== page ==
Start with a couple of glasses. Obviously, crystal tumblers are fancy AF, but a small water glass or even a Tigger mug will do! Place a large ice cube in each glass. I got my mold at Target, but you can use regular ice cubes if you’d like.
Pour two ounces of bourbon over the ice.
Pour one-quarter ounce, a.k.a. one teaspoon, of simple syrup over the whiskey. I prefer to pour the simple syrup in after the whiskey (as opposed to before), to keep the simple syrup from settling at the bottom of the glass.
Add two to three dashes of ginger bitters.
If you have a swizzle spoon, now is the time to bust it out! Or, just use a regular spoon/iced tea spoon. Stir the drink until it’s properly chilled and a bit diluted, about 30 seconds.
Take a strip of lemon peel or orange peel, and twist it over the ginger old fashioned. If you use both, it’s called “rabbit ears”. Cute! Drop the peel in the glass for garnish.
That’s it y’all! Ginger old fashioned complete.
Ginger Old Fashioned
As a bday present to me, please make this ginger old fashioned tonight. Or, order one at your favorite bar 😉
Summer has now officially approached in Reno. In my Vegas-days, I used to loathe summer and its dry heat that would exceed far past the low hundreds. Now living in Reno, the weather is a gamble, meaning I can be a little more friendly towards the summer months depending on the day. For instance, yesterday the high was 75*F, but tomorrow could be 105*. Luckily, I’m not too far from SF, which pretty much always has a low chill and Tahoe, which may be warm, but at least you can cool off in the melted-snow water. However, I’m a huge fan of BBQs, as I’ve mentioned in the past, and even though I’m working as both a marketing intern and barista, I’m taking this summer as an opportunity to eat plenty of good food, explore new Northern Nevada attractions, and not be in school for the first time in 3 years. Plus, my birthday is in July, so that’s always something I look forward to! I’m also stoked to try out some new BBQ recipes, starting off with a twist on classic summer Lemonade. Hello blackberry-mint limeade!
When it comes to the lemonade-limeade debate, I wholeheartedly lean towards the limeade side. Actually, I’m not really sure there is such a debate, but if there were I would always go Team Limeade. Now that it’s summer, I’ve decided to try out my own variations on limeade (and maybe even lemonade, we’ll see…), and I thought the perfect way to start off the limeade experiment would be to use a berry that’s not as highly recognized as its berry counterparts. I love how shiny and succulent blackberries are, and when they’re mixed into a limeade, it makes this beautiful fuchsia hue that would perfectly complement a BBQ. Also, I added mint, because I was feeling fancy.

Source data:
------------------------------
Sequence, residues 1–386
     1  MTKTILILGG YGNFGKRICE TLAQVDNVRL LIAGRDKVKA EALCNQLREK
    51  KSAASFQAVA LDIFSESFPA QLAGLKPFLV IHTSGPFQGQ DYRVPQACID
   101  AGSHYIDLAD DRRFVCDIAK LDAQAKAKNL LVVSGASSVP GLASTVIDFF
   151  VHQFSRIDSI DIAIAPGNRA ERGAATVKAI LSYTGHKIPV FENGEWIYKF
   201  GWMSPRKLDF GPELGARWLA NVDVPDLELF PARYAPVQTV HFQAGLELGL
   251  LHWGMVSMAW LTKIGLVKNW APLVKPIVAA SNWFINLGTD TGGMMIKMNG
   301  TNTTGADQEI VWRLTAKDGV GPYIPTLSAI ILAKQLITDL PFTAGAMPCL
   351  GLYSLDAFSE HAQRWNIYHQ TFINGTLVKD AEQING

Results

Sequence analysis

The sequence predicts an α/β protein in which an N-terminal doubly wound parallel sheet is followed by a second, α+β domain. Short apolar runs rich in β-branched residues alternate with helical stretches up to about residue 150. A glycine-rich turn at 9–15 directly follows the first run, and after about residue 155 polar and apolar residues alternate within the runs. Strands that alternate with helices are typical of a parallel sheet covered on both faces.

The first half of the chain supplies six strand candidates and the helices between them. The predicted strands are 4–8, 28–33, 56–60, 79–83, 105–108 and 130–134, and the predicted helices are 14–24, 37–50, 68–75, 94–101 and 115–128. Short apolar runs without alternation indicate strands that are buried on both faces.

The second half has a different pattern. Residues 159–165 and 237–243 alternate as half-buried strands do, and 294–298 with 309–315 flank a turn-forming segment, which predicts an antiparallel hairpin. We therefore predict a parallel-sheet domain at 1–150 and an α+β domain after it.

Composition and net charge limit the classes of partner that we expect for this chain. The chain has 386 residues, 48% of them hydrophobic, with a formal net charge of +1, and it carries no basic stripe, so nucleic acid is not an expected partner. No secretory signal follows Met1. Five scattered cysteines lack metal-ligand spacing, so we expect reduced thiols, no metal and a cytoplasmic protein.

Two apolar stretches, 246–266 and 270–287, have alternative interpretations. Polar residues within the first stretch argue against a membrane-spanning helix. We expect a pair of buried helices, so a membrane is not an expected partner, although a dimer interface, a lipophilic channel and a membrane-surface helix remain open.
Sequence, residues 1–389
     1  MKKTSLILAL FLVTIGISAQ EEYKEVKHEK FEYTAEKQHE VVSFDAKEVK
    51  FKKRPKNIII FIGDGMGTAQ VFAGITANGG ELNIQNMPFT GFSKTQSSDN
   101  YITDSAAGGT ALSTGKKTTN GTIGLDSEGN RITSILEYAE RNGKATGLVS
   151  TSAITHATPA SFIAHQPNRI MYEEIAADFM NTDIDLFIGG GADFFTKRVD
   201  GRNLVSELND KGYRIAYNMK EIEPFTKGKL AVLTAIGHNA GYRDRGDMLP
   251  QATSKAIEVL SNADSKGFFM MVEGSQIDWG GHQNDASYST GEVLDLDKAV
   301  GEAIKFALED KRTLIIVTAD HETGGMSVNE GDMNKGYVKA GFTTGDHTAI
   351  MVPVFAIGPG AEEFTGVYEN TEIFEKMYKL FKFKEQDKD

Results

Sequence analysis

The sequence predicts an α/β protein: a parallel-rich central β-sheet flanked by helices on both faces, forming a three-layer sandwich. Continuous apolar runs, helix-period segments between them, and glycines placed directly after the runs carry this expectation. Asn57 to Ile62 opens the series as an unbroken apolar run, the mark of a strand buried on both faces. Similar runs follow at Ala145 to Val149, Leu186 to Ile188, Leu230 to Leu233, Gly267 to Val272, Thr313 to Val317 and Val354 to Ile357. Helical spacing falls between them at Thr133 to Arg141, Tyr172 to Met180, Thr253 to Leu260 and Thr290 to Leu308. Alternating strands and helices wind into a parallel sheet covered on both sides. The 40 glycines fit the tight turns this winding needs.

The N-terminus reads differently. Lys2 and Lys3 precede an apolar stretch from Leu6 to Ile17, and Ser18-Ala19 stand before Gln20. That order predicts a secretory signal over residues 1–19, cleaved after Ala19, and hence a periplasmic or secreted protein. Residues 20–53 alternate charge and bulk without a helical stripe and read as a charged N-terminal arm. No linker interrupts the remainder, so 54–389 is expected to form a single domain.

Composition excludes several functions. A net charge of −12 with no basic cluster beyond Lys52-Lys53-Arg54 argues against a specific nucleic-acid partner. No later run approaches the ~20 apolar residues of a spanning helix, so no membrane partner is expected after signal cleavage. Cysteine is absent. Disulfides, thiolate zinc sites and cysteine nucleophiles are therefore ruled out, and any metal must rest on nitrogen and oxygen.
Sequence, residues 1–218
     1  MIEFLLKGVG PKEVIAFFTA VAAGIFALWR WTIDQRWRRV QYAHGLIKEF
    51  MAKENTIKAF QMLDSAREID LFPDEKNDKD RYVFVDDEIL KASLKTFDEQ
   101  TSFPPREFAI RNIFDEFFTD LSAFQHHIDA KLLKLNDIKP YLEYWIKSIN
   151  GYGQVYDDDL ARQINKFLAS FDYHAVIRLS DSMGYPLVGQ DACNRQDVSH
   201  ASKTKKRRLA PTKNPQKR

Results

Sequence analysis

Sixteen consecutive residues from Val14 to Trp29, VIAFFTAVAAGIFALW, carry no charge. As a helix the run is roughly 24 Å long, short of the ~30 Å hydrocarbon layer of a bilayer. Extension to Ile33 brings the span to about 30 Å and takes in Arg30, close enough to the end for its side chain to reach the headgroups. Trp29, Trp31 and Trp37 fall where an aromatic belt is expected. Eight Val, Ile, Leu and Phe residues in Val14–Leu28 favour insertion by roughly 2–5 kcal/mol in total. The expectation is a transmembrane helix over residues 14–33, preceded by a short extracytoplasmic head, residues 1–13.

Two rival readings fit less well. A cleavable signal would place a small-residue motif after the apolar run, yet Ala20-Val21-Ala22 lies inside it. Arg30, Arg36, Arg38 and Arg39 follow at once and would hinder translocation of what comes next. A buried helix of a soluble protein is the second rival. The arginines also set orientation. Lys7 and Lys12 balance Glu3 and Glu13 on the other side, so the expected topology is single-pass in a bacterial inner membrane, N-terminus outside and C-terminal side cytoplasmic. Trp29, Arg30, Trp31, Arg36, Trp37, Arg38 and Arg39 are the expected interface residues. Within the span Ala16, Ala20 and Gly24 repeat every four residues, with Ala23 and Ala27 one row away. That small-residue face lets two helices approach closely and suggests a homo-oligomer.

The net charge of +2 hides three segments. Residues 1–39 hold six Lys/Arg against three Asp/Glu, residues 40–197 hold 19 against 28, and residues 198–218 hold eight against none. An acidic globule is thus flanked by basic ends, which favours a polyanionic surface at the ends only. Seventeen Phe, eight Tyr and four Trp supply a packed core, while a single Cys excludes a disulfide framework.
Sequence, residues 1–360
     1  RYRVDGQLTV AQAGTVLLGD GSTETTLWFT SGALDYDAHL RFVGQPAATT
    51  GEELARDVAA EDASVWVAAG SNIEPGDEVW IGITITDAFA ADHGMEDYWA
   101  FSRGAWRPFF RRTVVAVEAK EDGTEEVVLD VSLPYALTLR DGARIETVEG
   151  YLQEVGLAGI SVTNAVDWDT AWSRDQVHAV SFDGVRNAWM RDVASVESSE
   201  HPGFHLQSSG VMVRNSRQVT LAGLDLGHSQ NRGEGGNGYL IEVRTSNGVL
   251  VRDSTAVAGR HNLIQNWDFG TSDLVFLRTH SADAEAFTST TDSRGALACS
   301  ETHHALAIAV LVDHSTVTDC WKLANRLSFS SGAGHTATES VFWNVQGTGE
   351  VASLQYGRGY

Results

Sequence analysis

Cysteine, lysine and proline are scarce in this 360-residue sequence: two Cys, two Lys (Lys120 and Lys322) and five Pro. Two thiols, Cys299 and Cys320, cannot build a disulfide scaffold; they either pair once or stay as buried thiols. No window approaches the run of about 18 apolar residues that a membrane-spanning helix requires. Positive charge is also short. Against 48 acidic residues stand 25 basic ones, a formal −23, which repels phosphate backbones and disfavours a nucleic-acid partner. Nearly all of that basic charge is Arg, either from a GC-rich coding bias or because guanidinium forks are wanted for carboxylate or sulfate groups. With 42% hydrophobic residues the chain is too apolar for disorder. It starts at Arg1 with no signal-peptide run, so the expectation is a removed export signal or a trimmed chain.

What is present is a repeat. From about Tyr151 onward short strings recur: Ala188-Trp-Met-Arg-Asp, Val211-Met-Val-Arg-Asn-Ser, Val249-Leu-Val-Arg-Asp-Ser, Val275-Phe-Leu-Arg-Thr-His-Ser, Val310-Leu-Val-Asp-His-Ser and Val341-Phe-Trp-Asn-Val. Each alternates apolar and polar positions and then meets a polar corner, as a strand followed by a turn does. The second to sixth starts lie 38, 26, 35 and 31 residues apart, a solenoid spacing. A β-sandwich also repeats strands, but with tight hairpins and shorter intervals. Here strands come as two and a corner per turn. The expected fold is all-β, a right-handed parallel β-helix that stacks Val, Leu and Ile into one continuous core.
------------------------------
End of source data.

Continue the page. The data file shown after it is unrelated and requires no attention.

Before I share the recipe, I will first start off with a confession, because I’m not perfect, and I’ll readily admit that all the time in most circumstances, such as this one. For this recipe, I decided to use already bottled limeade. *gasp*, I know. From someone who really goes out of her way to not use prepackaged stuff, this may be slightly shocking. However, I can already find delicious, sweet, fresh-tasting limeade in the juice aisle at my local grocery, and I own no type of juicer whatsoever, so prebottled limeade it was. On the other hand, if you are one who feels so inclined to make their own limeade, I’ve found a recipe from a trusted source with good reviews here.
This limeade is refreshing and easily adaptable if you’d like to try another berry or herb. I prefer my limeade sweeter, so I use more syrup, but if you like yours a little more tart, I’d use less syrup or even muddle some blackberries and mint in the bottom of your glass and just use a tiny bit of syrup. Also, I used 3 mint leaves in my original recipe, and I found that the mint was very strong. I’d recommend using only 2 mint leaves so the blackberry flavors are noticeable. The mint can be very overpowering, but you can always add some straight to your drink if you want more of that flavor later!
XO Sara Lynn
*Song of the Day: The Other Woman by Devendra Banhart
I know that you probably have lots of questions right now. SCOBYs aren’t the prettiest things, so you’re probs confused and wondering if you’re supposed to eat that thing (please, God, no), or if it’s some kind of facial mask or what. I promise, all questions will be addressed, but just hang with me. SCOBYs are not easy to photograph, and it’s extra hard to make them look appetizing enough to be featured on a food blog.
A SCOBY is an acronym for ‘symbiotic colony of bacteria and yeast’, and it’s used to make kombucha. Now what’s kombucha? It’s a naturally carbonated, sweet-and-sour drink made by fermenting tea. Like wine and coffee, kombucha takes a few times to get used to. It contains a little bit of alcohol naturally, but it’s perfectly safe for kids to drink! Mixed with fruits and juices, it’s very versatile and tons of flavor combos can be made. If you’re a big soda-fan looking to cut the sugar-y chemical-laden drink out of your life, kombucha is for you. Why? It has tons of health benefits!